Volume 11, Issue 2 (March & April - Special Issue on COVID-19 2020)                   BCN 2020, 11(2): 171-178 | Back to browse issues page

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Hamidein Z, Hatami J, Rezapour T. How People Emotionally Respond to the News on COVID-19: An Online Survey. BCN 2020; 11 (2) :171-178
URL: http://bcn.iums.ac.ir/article-1-1804-en.html
1- Department of Cognitive Psychology, Institute for Cognitive Science Studies, Tehran, Iran.
2- Department of Psychology, Faculty of Psychology and Education, University of Tehran, Tehran, Iran.
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1. Introduction
During the coronavirus disease 2019 (COVID-19) outbreak, mass media has played an important role in informing people, particularly during the early weeks of the crisis. Providing extensive negative news, including a high rate of morbidity and mortality caused by COVID-19, as well as uncertainties for preventive and therapeutic interventions, may evoke various emotional responses (Basch, Hillyer, Meleo-Erwin, Mohlma, Cosgrove,  & Quinones, 2020; Haroon & Rizvi, 2020; Restubog, Ocampo, & Wang, 2020). This issue has been addressed by previous studies establishing the association between viewing televised trauma (e.g.  natural disasters, terrorisms, and disease outbreaks) and increased negative emotions, such as anxiety and sadness (Bodas, Siman-Tov, Peleg, & Solomon, 2015; Szabo & Hopkinson, 2007). Moreover, it has been reported that these emotional responses get even worse with constant contact with these news media (Bernstein, Ahern,  Tracy,  Boscarino, Vlahov, & Galea, 2007).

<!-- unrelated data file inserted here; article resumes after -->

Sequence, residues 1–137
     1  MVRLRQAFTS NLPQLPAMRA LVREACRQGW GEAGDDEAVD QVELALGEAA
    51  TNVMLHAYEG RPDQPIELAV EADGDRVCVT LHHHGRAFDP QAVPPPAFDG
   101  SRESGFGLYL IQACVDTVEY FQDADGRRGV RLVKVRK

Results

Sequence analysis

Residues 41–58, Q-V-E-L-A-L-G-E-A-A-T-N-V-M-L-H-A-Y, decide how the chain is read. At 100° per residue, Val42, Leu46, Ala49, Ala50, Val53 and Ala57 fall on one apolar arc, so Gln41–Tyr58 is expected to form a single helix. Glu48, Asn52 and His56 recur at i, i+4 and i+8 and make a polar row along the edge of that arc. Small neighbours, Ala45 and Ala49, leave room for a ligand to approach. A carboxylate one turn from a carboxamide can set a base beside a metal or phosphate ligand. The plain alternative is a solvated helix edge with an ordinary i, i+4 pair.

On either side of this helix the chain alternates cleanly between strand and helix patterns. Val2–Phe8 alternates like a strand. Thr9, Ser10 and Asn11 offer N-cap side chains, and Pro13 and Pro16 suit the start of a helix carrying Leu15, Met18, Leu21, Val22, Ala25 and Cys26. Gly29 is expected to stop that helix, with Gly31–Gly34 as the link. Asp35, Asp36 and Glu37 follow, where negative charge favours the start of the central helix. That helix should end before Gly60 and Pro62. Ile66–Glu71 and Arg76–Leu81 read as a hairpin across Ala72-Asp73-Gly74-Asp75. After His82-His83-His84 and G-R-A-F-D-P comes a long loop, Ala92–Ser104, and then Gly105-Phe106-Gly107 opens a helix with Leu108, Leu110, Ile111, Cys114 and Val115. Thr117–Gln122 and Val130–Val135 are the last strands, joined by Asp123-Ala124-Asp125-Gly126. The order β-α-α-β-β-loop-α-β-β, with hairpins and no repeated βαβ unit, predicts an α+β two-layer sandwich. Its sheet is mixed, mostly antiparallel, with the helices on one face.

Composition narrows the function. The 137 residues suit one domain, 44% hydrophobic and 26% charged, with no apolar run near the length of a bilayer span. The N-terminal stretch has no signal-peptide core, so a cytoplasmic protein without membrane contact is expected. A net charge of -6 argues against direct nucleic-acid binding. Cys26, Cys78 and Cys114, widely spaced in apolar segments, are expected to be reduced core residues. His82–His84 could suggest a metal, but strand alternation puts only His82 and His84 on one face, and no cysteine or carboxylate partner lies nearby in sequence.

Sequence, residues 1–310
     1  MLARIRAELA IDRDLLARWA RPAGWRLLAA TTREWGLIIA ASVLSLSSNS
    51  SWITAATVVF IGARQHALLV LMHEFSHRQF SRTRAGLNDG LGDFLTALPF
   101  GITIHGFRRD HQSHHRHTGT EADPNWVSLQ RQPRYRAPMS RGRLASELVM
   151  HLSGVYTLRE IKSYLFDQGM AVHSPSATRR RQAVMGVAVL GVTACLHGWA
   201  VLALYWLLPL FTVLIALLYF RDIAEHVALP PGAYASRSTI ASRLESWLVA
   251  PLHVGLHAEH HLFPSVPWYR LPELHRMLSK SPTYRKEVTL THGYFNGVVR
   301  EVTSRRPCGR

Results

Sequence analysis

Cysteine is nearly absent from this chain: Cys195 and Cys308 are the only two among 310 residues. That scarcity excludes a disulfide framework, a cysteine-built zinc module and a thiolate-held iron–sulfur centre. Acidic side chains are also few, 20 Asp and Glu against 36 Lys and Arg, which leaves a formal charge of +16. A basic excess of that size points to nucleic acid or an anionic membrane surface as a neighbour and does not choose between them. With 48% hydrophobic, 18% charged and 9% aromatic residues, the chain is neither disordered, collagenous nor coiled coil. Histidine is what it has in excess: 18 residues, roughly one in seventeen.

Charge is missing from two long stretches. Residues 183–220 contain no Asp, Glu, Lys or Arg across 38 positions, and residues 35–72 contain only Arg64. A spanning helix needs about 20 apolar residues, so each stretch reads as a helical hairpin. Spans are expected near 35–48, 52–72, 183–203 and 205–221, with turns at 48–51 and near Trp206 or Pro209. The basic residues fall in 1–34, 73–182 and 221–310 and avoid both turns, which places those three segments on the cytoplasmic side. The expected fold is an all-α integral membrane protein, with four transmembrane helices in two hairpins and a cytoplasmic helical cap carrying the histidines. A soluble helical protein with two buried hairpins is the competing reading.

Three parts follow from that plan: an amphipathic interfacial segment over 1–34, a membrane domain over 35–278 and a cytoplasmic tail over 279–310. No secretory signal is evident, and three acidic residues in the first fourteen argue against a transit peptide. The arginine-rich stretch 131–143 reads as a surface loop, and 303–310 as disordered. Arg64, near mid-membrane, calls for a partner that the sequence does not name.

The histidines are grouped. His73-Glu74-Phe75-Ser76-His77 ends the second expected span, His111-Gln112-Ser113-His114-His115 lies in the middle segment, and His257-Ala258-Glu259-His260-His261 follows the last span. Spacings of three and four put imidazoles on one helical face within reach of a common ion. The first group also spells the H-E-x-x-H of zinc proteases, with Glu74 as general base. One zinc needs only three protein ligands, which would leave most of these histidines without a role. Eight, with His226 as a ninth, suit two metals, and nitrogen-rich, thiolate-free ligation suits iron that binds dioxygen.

Findings from previous studies indicate that emotional stimuli can be perceived as inherently relevant due to their possible impact on the organism’s survival, particularly in threatening situations (Bayer, Ruthmann, & Schacht, 2017; de Hoog & Verboon, 2020; Smith & Kirby, 2000). It means that, whenever individuals assess a stimulus or an event as relevant, their attention is automatically captured by the respective stimulus or event and leading to elicit augmented emotional responses  (Bayer, Ruthmann, & Schacht, 2017; Cooper & Roter, 2000; de Hoog & Verboon, 2020). Therefore, facing COVID-19 news, individuals may respond differently based on how much the news can affect their lives in the real world.